They won't be as bad once conference play starts. Maybe. The truth is as we said in our original conference preview, with the Bruins you never can tell exactly. They've played a relatively tough schedule with losses to Kansas, Michigan, and Duke but also suffered inexcusable losses to San Diego and NAU at home. They have no quality wins. Jason Kapono is off to a poor start, only scoring 5 points against Michigan and it seems that Steve Lavin still can't find a way to get the best pure shooter in the Pac-10 more open looks. Andre Patterson is just getting back into the flow after missing the first handful of games due to academic woes. Ryan Walcott has had some injury problems and that's been a big problem with no other true point guard on the squad. Cedric Bozeman has been a slight improvement at the position but he's still not a true lead guard. Dijon Thompson has been the biggest early surprise of the season, leading the team in scoring and in effort, but of course Lavin isn't starting him. T.J. Cummings still can't figure out that 6'10 kids should be playing in the paint and not shooting every time from the perimeter. There won't be any Sweet 16 magic this year – not enough talent. Steve Lavin is headed for a pink slip and that's bad for the rest of the conference.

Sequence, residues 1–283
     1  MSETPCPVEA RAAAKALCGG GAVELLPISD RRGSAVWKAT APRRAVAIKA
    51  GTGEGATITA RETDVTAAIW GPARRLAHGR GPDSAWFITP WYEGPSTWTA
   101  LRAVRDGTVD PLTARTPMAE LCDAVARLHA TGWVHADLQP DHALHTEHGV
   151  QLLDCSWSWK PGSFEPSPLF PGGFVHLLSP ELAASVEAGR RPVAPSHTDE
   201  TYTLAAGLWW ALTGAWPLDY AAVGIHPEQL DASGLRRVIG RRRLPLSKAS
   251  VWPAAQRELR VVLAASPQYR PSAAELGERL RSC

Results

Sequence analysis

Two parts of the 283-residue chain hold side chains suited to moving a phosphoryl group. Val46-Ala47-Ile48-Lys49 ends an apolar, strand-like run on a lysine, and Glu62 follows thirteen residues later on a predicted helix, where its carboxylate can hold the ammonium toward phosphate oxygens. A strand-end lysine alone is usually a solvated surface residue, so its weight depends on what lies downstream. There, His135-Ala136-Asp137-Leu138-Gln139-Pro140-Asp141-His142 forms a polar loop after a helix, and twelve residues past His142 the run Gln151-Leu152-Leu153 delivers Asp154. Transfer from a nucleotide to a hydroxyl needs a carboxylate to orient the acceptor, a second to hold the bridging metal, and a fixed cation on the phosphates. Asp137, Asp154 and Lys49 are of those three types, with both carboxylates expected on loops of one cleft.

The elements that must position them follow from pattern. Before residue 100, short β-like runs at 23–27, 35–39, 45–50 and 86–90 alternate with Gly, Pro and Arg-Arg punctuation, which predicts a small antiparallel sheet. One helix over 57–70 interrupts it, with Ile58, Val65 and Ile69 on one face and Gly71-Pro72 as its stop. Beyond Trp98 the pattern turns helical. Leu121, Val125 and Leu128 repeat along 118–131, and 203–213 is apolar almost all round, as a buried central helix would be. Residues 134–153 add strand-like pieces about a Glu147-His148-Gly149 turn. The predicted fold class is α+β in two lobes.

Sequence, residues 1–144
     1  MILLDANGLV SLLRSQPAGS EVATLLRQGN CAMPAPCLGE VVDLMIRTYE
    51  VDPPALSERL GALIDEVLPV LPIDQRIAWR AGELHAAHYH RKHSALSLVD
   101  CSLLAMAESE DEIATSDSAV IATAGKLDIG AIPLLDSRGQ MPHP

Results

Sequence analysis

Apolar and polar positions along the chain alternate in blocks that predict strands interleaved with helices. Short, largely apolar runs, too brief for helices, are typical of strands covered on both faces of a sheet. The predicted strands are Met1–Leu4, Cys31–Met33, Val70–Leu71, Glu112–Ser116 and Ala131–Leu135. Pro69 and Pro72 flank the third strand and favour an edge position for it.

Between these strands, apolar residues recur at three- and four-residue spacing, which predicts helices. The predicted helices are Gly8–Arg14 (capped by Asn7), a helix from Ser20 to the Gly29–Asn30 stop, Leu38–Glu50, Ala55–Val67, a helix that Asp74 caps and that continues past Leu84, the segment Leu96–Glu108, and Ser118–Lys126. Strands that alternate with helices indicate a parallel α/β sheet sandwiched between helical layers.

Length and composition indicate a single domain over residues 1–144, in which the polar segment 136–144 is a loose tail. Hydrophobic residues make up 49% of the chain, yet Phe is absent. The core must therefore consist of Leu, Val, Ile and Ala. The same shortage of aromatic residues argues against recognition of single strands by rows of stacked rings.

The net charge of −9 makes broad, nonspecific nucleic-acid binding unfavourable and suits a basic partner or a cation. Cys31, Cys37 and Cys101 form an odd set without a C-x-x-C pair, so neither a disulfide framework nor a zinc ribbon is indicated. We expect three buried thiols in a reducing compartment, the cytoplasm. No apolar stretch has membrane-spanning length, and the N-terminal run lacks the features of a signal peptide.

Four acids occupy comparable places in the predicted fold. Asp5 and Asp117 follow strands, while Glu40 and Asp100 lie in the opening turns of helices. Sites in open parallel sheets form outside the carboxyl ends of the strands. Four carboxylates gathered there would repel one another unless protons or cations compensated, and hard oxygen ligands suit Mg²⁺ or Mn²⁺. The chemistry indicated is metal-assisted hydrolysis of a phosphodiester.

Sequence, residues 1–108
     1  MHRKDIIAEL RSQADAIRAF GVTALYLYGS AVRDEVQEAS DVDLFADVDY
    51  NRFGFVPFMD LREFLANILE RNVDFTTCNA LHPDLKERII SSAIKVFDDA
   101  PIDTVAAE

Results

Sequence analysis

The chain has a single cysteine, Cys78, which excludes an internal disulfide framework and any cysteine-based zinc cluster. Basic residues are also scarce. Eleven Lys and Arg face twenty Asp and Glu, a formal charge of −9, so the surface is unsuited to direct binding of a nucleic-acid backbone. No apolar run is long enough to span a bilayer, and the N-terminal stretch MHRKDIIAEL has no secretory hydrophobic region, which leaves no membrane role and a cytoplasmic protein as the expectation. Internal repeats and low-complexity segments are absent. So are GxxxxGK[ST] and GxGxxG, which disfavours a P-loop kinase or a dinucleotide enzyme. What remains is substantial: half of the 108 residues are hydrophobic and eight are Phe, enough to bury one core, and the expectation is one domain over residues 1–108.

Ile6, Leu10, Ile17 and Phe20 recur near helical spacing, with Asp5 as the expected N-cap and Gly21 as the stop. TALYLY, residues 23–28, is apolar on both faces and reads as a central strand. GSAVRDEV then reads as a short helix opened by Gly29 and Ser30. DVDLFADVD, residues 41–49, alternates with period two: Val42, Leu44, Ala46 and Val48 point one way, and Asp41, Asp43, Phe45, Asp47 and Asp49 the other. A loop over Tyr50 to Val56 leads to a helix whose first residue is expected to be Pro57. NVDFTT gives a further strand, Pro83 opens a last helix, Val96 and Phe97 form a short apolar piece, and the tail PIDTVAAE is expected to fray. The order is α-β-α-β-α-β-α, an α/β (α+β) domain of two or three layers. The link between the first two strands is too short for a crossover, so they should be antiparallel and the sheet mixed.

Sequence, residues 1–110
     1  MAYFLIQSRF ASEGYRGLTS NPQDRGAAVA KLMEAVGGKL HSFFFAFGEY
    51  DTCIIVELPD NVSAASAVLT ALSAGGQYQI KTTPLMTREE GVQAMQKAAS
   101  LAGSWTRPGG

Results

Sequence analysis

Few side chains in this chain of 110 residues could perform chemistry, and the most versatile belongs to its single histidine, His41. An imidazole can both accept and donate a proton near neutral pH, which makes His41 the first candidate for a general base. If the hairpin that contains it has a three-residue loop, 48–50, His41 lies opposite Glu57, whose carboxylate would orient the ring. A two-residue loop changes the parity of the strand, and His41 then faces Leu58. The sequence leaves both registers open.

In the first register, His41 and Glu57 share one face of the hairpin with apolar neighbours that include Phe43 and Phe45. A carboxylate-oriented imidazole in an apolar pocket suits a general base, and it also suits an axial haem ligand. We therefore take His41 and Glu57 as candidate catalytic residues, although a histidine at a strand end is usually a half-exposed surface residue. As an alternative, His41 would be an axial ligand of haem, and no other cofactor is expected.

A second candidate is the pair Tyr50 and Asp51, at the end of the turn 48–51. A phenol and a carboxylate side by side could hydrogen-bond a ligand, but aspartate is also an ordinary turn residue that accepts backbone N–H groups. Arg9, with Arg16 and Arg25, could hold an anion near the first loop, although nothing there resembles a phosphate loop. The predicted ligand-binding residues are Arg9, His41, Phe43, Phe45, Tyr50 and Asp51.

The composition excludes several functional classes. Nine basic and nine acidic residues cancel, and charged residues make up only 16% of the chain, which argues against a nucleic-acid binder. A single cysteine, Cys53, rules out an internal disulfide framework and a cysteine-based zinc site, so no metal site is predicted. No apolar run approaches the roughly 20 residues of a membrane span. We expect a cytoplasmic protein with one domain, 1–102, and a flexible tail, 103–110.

Oregon State (7-2)
They have a pretty good record against pretty bad teams. Losses are to a mediocre Kansas State team and Idaho. No wins really stand out, with Portland State and Coppin State being the best of the bunch. They will come back to earth quickly, although don't rule out some improvement from last year with newfound continuity and a new system initiated by first-year coach Jay John. The main trio here continues to be Phillip Ricci, Brian Jackson and Jimmie Haywood, but this team needs much better play out of their point guards and frontcourt bench players. It's not likely to happen.
Bad losses against Montana State and Eastern Washington at home, although they played Gonzaga tough on the road. Best win is against a meager Santa Clara club. Doug Wrenn got off to a slow and somewhat rocky start with new coach Lorenzo Romar and quickly found out it was a war he couldn't win. He has since seemed to get in-line with what Romar is trying to accomplish. Combo-guard Will Conroy may be leading the race for Pac-10 most improved player. He's playing with confidence and leading his team in scoring at over 13 points a game. This team is extremely mediocre up front and has struggled adapting to a new system.
Washington State (5-4)
All losses, with the exception of a close game against Gonzaga, have been on the road at TCU, Idaho, and Colorado State. No strong wins to buoy the Coug's hopes. Point guard Marcus Moore continues to be a one-man gang in Pullman, leading the team in scoring, rebounding and assists. This team may compete well at times, but often when Moore isn't on they'll get blown out. This team has zero hopes at finishing above 7th in the conference and a post-season appearance is out of the question.
Pac-10 Teams Gear Up For Conference Play